Users are accessing applications from all types of devices both inside and outside of the corporate network, as busines spreads out across multiple locations. To enforce high-standards of protection and compliance, IT service providers need a solution that is dynamic, flexible, and simple.

We use Antivirus, EDR, and Other Threat Detection Tools. Why Isn’t This Enough?

Antivirus, EDR, and other threat detection tools only look for threats and suspicious behaviour. Therefore, they cannot distinguish between DropBox and a piece of malware disguising itself as genuine software.

For example, in March of this year, a major vulnerability was discovered in Zoom, which exposed millions of users.

With the right policies in place, these users could have been protected. The problem is, the majority of IT professionals, utilising an outdated approach to security, focus on threat detection and fail to prevent data breaches associated with application vulnerabilities such as Zoom.

Additionally, the rise of ‘Internet-of-Things’ devices on home networks introduce areas of potential compromise. Many of these devices regularly phone home to their manufacturers, and at times, are accessible from highly suspect sources.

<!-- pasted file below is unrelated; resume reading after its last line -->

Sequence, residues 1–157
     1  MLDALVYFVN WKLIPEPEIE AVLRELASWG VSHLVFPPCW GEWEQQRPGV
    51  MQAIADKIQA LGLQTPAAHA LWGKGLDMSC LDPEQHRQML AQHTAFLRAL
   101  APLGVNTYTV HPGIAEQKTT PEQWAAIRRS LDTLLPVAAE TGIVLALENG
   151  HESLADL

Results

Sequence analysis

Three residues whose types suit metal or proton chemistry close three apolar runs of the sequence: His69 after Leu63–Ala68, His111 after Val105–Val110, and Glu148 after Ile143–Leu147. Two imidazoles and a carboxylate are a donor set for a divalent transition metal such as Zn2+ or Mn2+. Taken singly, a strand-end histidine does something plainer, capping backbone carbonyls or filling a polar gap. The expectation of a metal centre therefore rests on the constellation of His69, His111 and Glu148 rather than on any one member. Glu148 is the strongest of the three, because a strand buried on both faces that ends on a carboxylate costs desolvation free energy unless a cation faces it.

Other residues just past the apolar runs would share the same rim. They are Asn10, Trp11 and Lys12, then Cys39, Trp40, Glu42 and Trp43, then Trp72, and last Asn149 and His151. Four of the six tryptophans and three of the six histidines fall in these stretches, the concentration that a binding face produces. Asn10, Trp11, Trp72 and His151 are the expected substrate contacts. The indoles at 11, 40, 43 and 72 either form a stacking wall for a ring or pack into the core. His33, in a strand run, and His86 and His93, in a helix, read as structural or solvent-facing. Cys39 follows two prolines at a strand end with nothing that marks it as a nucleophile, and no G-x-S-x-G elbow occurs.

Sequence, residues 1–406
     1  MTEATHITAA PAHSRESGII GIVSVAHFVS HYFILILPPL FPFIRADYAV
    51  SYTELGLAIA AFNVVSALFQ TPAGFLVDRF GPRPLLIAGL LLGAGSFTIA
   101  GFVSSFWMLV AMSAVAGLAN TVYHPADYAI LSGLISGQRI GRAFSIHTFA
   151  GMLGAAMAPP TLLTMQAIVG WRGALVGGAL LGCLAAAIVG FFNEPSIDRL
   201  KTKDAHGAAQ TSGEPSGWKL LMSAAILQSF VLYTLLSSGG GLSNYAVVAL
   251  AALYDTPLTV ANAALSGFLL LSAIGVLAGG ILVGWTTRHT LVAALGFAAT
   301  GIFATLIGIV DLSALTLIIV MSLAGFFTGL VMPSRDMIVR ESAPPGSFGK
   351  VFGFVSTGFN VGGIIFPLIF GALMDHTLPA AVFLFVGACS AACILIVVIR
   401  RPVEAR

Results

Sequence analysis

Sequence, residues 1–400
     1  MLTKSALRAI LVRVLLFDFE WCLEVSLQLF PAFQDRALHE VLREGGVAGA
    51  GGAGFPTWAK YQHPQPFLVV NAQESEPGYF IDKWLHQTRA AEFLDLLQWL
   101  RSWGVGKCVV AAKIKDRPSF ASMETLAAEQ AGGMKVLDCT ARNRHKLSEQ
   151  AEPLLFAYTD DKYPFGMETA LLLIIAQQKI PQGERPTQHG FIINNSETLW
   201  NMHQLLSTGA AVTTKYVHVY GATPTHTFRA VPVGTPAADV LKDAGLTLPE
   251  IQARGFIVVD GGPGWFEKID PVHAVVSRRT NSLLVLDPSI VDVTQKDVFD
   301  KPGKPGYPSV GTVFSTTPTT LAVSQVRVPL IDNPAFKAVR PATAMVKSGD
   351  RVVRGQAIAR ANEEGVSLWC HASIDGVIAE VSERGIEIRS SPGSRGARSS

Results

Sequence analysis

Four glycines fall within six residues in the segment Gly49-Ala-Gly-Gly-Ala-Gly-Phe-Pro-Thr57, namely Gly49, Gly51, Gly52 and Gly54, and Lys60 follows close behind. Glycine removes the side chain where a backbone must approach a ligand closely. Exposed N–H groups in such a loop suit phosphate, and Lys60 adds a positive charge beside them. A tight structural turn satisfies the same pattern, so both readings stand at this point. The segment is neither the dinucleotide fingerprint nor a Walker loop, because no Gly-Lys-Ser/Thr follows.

Getting Started With Zero Trust. How Our Customers Can Benefit.

Organisations who take the time to review which applications are needed by their users, integrate logins with Azure AD or MFA, block applications that aren’t needed, and control how permitted applications can behave, are enforcing high standards of protection.

Ultimately, the way in which users operate in the complex IT world today is paving the way for a zero-trust approach. If your IT service provider has not already implemented a zero-trust solution, you might want to consider looking for someone who can offer the most up-to-date approach to security.

It is important that every businesses reviews the six pillars that represent a data estate:

  1. Identity
  2. Devices
  3. Applications
  4. Infrastructure
  5. Network
  6. Data

Contact Exigence to find out more about zero trust solutions

We know that information technology can sometimes be daunting, if any of these terms are unfamiliar please contact one of our IT professionals so that we can better assess your needs and educate you on the solutions that would work best for you.

Contact Exigence